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[487]

But I will not carry any more coal to Newcastle. You know, from your very able periodicals and discussions on the subject, what we are doing in Massachusetts as well as we do ourselves. What you have sent me from time to time proves it. I only wish you would tell me what you think of our modus operandi, as compared with yours. If anything is published here that I think you will like to see, and are not likely to get as soon as you will care to have it, I will send it to you at once. This is very possible, nowadays, for the liquor question is getting mixed up with our general politics, which it never ought to be, any more than a question in religion. But such things can rarely be avoided in so free institutions as ours,--perhaps not in yours . . . .

What you tell me of Thiebaut de Champagne is very curious, and much of it new. He was always one of my favorites, from 1817, when I studied the earliest French literature in Paris, under the advice of Roquefort and Raynouard, and made such collections of books as they told me to make. But I never heard before the tradition that he brought home with him from Palestine the ‘Provence Rose,’ which we cultivate here in a country Thiebaut never dreamt of; nor did I ever suppose that there were such remains of the ancient splendor of Provence as you describe. Please to tell me, therefore, when you write,—and I hope that, remembering my age, you will write before long,—please to give me the titles of anything published within the last twenty years about the old Chansonnier, if it will give you no trouble to do it. You see I remember your old tricks in Italy, collecting all sorts of books of local history in out-of-the-way places.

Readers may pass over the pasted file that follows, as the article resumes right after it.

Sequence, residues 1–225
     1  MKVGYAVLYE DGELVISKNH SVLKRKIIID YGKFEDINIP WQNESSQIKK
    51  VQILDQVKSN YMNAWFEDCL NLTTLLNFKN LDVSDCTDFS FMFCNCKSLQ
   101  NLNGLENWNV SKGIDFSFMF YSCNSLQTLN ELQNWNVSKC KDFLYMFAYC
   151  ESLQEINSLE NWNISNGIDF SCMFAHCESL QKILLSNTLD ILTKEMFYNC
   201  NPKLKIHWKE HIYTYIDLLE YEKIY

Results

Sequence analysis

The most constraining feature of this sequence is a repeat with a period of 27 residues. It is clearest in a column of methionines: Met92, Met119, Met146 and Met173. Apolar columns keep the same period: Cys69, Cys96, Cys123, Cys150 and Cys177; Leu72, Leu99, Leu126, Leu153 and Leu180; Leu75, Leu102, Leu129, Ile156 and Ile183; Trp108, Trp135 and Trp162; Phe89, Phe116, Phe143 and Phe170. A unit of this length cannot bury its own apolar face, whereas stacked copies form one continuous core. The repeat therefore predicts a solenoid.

I do not know Mr. Bright of Waltham, to whom you refer; but I know his book about his English—not his American—ancestors, and looked in it directly for the engraving of the house where you were married. It is very curious, as are many books of our genealogies, tracing the connection between our two countries. I only wish there were more proofs of such connection down to our own times, and that they were heartier. . . .

But I think I have written as much as my strength will fairly enable me to write at one time. I will not, therefore, go on even to say a word, as I meant to, about the Oxford and Harvard Race, except to add, that we are surprised at the immense interest it excited; and that we can hardly hope, if your young men come here next year, as I hope they will, that we can receive them with equal fervor. But as for manly kindness and honor, I think we can promise all that anybody will desire.

Yours faithfully,


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